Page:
“Now rise, Eagle of our People. Rise, Eagle of Auri-El. Rise, and show these Daedric dogs what Aedric might truly is.”

    Äelberon stood slowly, gazing deep into the Archmagister’s eyes.

    Then they heard the screams. It was time.  



    In the night, they had come, while the Altmer slept. They had gathered an innumerable force just outside the battlements. Daedra as far as the eye could see. Legions of them. All types. Hulking Dremora, slender flame atronachs, towering frost atronachs, quick-footed scamps delivering supplies to the Dremora captains, reptilian clanfears; their talons menacing, the intelligent Xivilai, and the worst, the Deadroths of Molag Bal and Mehrunes Dagon. And in the center of the vast force, was Bet.

    The Demon of Coldharbour.

    He was tall, towering above the Dremora lords. His armor glowed like black, burning coals. His helmet had great black horns that curved like a goat. The skin that showed beneath the helm was the color of ash, and his eyes glowed with a vampiric fire. His mouth was open slightly, exposing his great fangs, poisoned spittle oozing. On his right hand, he bore a great Daedric war axe that glowed grey like the realm of His Lord, and it already was dripping with Altmer blood. His left hand glowed with a menacing red light.

    And they were not alone. With them, naked, bruised and bleeding, were hundreds of Altmer prisoners. The soldiers reacted almost immediately to seeing their suffering brethren and began to conjure weapons. It was time to do battle. And then… and then…

    The spells failed.

    The soldiers tried again, frantically casting their spells, but to no avail. There was great commotion in the soldier’s ranks. The Tower Mages looked concerned from their position in the back of the battlements and began to move forward. A Tower Mage stepped forward, Lilandtar, his face haughty, and cast a summons. A flame atronach. He smiled and nodded to the Daedric hordes in arrogance. He could still summon.

    Satisfaction turned to horror when the atronach began to fire flames at the other Tower Mages, causing them to scatter. Lilandtar was horrified.  This was not supposed to happen, summonses were under their control! They managed to subdue the atronach with blasts of frost magicks, but the realization hit them hard. They could no longer summon and the soldiers were without weapons. Where was Archmagister Rynandor?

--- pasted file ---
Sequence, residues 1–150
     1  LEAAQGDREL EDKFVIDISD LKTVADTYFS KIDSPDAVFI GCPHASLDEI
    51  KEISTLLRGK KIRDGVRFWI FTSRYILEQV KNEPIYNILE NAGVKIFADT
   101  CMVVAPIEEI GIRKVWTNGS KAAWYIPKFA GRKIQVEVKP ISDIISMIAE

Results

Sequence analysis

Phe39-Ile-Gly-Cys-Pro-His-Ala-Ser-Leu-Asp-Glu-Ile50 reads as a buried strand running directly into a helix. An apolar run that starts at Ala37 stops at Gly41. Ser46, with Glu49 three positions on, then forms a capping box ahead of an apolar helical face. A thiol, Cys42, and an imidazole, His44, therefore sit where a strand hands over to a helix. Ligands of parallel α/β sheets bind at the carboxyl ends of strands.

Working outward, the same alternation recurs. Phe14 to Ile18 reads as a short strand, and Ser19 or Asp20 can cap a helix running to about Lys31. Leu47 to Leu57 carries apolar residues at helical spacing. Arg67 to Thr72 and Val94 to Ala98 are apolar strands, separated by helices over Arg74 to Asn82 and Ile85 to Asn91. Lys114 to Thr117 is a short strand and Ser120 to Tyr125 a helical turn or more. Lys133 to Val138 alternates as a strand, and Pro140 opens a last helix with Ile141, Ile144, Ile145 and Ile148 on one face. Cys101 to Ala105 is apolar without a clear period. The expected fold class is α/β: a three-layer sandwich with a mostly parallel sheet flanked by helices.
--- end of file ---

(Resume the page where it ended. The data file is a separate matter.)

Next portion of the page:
Bet’s booming laughter could be heard from deep within the ranks of Daedra, sending chills through the Altmer ranks.  He cried out to the army of Crystal-Like-Law. His voice, a roar echoing throughout the battlements.

    “Now that we have your attention! Watch and know true fear!” 

    Bet grabbed one of the Altmer prisoners and made his way to the edge of the Tower battlements while the soldiers, mages, and trolls looked on, dragging the Mer across the dusty ground, the brittle grass cutting into the Altmer's skin. He then hoisted the Altmer into the air like a child's doll and threw him roughly to the ground, holding him firmly with one great armored hand. They watched in horror as he began to flay him alive with his war axe, starting at the chest. The high-pitched screams resonated throughout the Tower, and the Altmer inside trembled. And then Bet suddenly stopped, looked up and watched, the Altmer below him trying to crawl away, his blood staining the dry grass red as he tried to hold his skin to his chest. He sensed a presence. There was calm amid the terror. From where? Bet's glowing eyes watched the Tower as two Altmer appeared.

    The first was a final Tower Mage. Much older than the others, with a long, light blond beard and dark, plain robes. His great lined face calm and serene. Bet snarled and spat upon the ground, this one was no summoner.

    Walking with the Tower Mage was a lone soldier, clad in heavy silver plate armor, a circlet of silver upon his head. He glowed with healing magicks and then Bet noticed the hair. Long, silver-white hair. He was pale and terrible, like the morning… On his cuirass was a light grey cloak bearing the symbol of their cursed Elven God-Kng. The sworn enemy of the Daedra. Auri-El. This Pale Elf was His Priest! His Paladin!

    Bet roared in defiance and dragged the crawling Altmer back to him to continue his gruesome work, signaling his brethren to do the same. They then mercilessly grabbed prisoners by the hundreds while the Tower Battlements watched, dumbfounded. The prisoners’ screams were deafening, and the dry ground finally knew moisture after so many days of drought and heat. But moisture of a most perverse kind, for it was not water that quenched its thirst, but blood.  The ground was now a vast, shallow sea of blood under a burning sky.

    Red upon red.

    Those that had finished flaying began to eat their victims or feed them to their beasts or impale them onto their dreaded black machines. But, as they desecrated the bodies of countless Altmer, Bet began to retreat slowly back into his horde, the flesh of his Altmer still dripping from his chin. He saw him coming, the Pale Elf.  He did not stop. While the Pale Elf’s comrades were stunned and unable to move, he was approaching from the Tower, crossing the battlements, along with the Tower Mage, and later they were joined by a white troll. The Elf’s gait was brisk, his face painted white, his eyes blazing with Holy fire. Bet had never before seen such eyes. While the other soldiers watched in horror, some vomiting, others fainting, this Elf remained steadfast and closed in.